Those who had initially waved the ongoing Major National Dialogue with a back of the hand as another moment for participants to clap through already-taken decisions by the Yaounde authorities would need to revise their stance. If only for the manner of approach of deliberations, the calibre of and huge number of people in attendance and what has been said thus far, one may be tempted to think that much is in the offing.
From the opening ceremony through the composition of the Committee heads, observations are clear that the delegates have shown proof of freedom in their expression. In fact, there seems to be no taboo subject with regards to points of view. For instance, very few expected an ex-fighter to be allowed to go off his prepared speech to use certain words that regime apologists have dreaded over the years. Anglophone marginalisation, Anglophone problem, the form of the State, the Presidential term of office… are some of the issues highlighted in the ongoing Yaounde conclave which never featured on the initial agenda.
It is now clear that the eight committees comprising; bilingualism, cultural diversity and social cohesion, the reconstruction and development of conflict-affected areas, the return of refugees and displaced persons, the education and judicial system, decentralization and local development, the demobilization and reintegration of ex-combatants the role of the Diaspora in the country’s development, were just to guide the brainstorming. So many things have been said, and sometimes by very unsuspecting individuals, that go far beyond the initially-communicated scope of the National Dialogue. The spirit of openness is perceptible. Understandably so as besides seeking ways of restoring normalcy in the troubled North West and South West Regions, so many other issues impeding smooth life need readjustment.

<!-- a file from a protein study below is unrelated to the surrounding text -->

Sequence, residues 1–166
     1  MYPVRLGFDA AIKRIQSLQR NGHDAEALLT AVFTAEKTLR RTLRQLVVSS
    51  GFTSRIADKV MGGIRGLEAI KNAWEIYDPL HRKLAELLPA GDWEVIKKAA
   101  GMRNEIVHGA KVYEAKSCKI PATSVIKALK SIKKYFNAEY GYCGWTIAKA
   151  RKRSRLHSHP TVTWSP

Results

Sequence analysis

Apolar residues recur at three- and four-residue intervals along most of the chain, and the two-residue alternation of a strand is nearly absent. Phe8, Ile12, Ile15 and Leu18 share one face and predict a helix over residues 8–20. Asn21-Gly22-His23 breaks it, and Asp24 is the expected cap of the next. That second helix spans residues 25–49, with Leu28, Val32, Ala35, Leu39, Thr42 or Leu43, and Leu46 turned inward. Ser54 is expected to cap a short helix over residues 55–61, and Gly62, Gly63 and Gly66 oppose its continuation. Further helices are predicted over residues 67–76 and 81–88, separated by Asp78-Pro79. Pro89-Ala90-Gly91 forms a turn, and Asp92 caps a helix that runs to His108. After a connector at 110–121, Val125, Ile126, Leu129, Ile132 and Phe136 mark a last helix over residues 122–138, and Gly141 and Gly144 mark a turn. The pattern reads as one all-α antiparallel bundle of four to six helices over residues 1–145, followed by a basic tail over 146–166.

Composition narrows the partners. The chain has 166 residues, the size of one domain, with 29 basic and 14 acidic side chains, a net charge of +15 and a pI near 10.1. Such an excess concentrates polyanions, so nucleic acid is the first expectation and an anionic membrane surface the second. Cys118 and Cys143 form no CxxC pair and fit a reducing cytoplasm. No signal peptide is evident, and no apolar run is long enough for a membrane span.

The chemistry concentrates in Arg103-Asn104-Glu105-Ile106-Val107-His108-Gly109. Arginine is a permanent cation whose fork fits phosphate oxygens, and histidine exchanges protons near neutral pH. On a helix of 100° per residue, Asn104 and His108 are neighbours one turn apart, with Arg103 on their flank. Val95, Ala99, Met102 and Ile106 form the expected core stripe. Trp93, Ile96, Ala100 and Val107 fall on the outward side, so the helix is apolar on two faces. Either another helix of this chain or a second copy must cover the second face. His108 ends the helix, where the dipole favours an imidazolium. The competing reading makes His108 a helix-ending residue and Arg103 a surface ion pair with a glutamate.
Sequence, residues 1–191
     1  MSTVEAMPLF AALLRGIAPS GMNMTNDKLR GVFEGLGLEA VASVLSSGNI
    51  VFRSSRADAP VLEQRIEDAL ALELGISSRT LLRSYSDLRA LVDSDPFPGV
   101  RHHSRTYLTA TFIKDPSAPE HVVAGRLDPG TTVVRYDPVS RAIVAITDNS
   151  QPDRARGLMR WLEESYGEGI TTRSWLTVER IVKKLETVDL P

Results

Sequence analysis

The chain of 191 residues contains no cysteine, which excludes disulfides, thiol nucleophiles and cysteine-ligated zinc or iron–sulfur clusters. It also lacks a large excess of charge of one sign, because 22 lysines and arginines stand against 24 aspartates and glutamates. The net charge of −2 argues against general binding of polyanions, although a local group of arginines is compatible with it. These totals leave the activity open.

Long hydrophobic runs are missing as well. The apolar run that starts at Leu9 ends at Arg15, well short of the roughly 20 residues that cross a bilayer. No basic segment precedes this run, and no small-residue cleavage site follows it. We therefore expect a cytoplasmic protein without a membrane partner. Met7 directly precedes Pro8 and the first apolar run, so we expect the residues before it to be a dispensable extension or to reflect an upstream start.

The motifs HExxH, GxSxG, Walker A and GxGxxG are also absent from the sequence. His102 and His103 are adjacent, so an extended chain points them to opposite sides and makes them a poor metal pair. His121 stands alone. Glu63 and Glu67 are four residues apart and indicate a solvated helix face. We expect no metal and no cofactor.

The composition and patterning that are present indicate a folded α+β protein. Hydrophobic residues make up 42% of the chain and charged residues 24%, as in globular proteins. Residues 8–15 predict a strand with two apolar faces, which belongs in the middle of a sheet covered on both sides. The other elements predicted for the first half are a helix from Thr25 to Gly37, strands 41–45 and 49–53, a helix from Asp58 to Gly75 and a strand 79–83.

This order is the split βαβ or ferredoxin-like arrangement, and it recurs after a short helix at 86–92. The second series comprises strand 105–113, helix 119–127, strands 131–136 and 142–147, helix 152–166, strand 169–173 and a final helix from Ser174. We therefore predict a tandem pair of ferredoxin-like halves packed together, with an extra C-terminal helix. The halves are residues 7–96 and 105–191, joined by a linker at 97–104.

It would be wise for all and sundry to understand that Cameroon belongs to all Cameroonians irrespective of our social, cultural and linguistic backgrounds. Feelings of superiority and or inferiority should be made to belong to the past for they have really destroyed the country and taken it to where we are now. As the discussions rage on with the outcome much awaited on Friday October 4, 2019, participants should therefore understand that the bottom line must be for the country to emerge from the broad dialogue stronger, better united and with enhanced prospects of advancing socially and economically for the mutual benefit of all citizens.
To say the least, Cameroonians have a rendez-vous with history to polish up the image of the country within and without and t...
- 22 oct. 2019 11:58
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